All in all, The Grandma Road Trip spanned 16 days, more than 2,709 miles (not counting detours), and 9 states (Louisiana, Mississippi, Alabama, Georgia, Tennessee, Kentucky, Ohio, Indiana and Illinois). We visited 2 grandmothers, 4 aunts, 2 uncles, 3 cousins, 1 brother, 1 almost sister-in-law (and two of her relatives!), 1 best friend and her son, 1 sister, 1 nephew, 1 father, 3 dogs, dozens of tangueros and a handful of people who are as good as family. It wasn’t enough, it was too much and it was everything. Now, after it is all over, I am homesick for multiple cities and also convinced there is no place like where the heart is.
Monthly Archives: September 2012
Leg Six: Acworth to New Orleans, 498.3 miles
Tuesday, September 11th: I left after Atlanta’s rush hour, managing to get a little sleep and after a tough goodbye with Mums. We’d gotten so used to traveling together, to sharing a small space together, it felt strange to make this last leg alone. I stopped for an early lunch with Aimee and then again, later, to make some calls for the movie, wrapping up some loose ends. Otherwise, the trip was uneventful, except for the end.
As soon as I arrived in Nola, I went straight to rehearsals for the NO Show. It turned out our leading lady was out of town and I would have to voice one of the lead parts during the live recording the next day, with Helen voicing the other. After rehearsal, I met Jamey for dinner. Normally, I would’ve just collapsed after a trip home from GA, but I still wasn’t done. I changed clothes in the bathroom, then went to tango! I didn’t dance very much, mostly just caught up with everyone since I hadn’t seen them for about two weeks.
It was midnight before I got home, which I’d last seen about 15 days previously, before Hurricane Isaac and before this insane road trip with my mom. I was so glad to be home in Nola, but I found myself missing Mums and everybody I’d gotten so used to seeing while on The Grandma Road Trip.
More than anything, I was just glad we had done it, glad to have spent the time with family and made the memories, glad to be safely home and to find my home safely waiting for me.
Leg Five: Chicago to Acworth, 685.8 miles
Monday, September 10th: We met Norm and Trouble for breakfast at Delia’s one more time and said our last round of goodbyes before heading out of Chicago. We passed striking teachers (and/or their supporters) on the overpasses as we exited the city and we honked our support as we went.
After passing through all the toll stations, we settled in to finish our second fluffy Janet Evanovich audio book, then started the looong audio book Mums had chosen, The Thirteenth Tale. It wasn’t long into the story before I realized we weren’t going to finish it together and regretted that we didn’t listen to it first.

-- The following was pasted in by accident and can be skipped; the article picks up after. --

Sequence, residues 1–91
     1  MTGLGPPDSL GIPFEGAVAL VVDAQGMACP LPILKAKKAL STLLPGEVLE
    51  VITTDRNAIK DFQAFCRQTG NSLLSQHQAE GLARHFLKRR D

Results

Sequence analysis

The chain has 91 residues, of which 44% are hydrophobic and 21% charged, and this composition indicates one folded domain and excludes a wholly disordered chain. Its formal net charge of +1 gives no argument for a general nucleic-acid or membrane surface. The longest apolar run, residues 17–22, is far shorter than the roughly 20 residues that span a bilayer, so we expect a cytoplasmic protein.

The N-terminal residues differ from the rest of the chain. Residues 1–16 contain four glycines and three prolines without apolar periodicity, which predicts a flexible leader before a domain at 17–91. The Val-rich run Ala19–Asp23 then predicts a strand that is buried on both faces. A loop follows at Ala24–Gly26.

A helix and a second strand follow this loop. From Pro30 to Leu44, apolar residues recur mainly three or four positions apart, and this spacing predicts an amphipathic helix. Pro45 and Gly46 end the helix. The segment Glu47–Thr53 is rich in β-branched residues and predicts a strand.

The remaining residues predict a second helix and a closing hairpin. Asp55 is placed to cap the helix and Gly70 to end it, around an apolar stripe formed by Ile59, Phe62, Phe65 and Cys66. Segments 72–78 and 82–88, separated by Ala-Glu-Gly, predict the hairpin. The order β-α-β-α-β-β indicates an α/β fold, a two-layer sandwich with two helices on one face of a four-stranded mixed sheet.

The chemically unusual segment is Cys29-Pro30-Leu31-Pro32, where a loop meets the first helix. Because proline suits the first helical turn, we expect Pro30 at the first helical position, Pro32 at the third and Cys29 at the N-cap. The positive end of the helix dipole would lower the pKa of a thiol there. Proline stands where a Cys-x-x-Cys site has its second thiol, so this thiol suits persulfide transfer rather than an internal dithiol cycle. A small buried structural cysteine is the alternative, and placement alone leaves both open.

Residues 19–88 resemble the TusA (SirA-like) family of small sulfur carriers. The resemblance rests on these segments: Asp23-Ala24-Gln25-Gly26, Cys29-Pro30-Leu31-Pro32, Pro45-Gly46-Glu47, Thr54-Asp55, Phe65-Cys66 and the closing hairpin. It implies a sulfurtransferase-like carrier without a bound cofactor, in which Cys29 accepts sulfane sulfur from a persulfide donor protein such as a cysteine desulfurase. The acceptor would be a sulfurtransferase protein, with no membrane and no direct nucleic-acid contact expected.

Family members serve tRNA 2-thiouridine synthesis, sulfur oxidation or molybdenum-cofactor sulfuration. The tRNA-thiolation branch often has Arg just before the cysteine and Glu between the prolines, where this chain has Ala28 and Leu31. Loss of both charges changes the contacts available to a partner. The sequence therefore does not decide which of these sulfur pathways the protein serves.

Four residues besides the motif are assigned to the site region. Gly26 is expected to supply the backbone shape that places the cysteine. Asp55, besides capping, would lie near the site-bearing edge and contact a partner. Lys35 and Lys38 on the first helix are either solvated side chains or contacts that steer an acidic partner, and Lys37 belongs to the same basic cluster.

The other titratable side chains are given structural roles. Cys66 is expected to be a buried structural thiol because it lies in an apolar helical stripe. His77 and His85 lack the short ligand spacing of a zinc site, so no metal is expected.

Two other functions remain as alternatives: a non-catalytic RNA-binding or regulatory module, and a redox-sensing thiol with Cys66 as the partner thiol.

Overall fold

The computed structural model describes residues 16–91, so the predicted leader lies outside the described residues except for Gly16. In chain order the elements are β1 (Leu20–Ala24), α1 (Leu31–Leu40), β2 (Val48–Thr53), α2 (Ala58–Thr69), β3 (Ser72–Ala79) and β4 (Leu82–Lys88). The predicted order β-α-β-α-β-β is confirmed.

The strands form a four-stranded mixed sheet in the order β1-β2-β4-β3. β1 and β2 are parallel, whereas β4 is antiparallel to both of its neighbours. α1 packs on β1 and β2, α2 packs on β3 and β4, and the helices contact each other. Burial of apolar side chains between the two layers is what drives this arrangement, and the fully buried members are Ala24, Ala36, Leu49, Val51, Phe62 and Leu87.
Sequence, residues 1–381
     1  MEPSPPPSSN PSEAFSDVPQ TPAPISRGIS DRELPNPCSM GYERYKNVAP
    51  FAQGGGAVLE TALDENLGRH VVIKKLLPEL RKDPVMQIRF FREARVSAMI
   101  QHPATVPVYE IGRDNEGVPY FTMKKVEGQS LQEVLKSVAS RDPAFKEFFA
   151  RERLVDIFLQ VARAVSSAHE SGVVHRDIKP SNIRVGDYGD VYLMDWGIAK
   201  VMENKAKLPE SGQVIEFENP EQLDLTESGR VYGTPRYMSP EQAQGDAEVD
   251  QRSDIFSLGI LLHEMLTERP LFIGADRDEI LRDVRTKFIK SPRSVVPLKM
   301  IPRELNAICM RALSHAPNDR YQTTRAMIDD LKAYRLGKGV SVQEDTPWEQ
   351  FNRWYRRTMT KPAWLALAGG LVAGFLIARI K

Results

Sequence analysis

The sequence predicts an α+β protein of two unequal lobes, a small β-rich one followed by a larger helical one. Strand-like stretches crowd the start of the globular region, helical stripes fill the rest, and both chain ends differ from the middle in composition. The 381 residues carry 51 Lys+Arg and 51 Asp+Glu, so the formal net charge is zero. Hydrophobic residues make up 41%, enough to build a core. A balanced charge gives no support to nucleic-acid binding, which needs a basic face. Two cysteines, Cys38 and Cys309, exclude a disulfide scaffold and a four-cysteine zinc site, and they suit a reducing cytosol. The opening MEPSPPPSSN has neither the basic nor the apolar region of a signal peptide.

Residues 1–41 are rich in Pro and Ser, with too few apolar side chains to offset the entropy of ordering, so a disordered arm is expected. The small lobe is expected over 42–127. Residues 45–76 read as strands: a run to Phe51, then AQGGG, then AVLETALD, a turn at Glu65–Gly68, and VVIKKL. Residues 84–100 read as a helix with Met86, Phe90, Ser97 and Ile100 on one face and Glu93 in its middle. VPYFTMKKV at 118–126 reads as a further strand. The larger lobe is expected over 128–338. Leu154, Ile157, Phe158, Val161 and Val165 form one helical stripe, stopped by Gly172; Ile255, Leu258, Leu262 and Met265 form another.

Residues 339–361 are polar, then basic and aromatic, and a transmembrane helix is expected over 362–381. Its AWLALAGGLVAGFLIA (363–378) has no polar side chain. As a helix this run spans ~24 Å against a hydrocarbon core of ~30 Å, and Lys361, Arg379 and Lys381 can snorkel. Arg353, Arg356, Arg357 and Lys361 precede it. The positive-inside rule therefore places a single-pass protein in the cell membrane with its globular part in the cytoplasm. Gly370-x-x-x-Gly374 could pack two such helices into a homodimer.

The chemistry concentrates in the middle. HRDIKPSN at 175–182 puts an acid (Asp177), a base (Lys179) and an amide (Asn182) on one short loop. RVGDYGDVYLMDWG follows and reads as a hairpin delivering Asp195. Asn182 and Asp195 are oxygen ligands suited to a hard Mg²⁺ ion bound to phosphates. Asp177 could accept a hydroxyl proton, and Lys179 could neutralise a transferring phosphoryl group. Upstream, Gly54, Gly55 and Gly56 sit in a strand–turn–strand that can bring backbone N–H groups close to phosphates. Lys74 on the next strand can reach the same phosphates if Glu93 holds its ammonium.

I almost wished we were beginning the trip all over again. But, it was long enough as it was.
We tried to stop at a place called The Thirsty Turtle in Indiana for lunch, but it was closed and we ended up at a Steak N’ Shake instead. We fared better with dinner, at The Oasis Southwest Grill in Kentucky.
And though the audio book was extremely engaging, it seemed like we were in the mountains of Tennesee, sharing the dark road with 18-wheelers, forever. It was pretty tense, probably most of all because we were exhausted.
We made it home pretty late, but I stayed up to do laundry and pack for the last leg of the Grandma Road Trip, then got a few hours of sleep.
Leg Four: Columbus to Chicago, 355.8 miles
Thursday, September 6th: We made a pit stop at Tim Horton’s for coffee and doughnuts, then another at my Aunt R.‘s work to say goodbye, then got on the road for Chicago. For some reason, we were a bit more distracted on this trip and stopped several times. First at the amazing Amish Cheese Shop, where we got gifts for folks, some goodies for the fridge in our Chicago hotel room and a sandwich for lunch.
I drove a lot of this leg of the trip, but we switched out shortly before Chicago, in the land of the wind turbines. They’re beautiful, but they also kinda freak me out. There’s something about their enormous size and how slowly the blades turn, and that they turn at different speeds.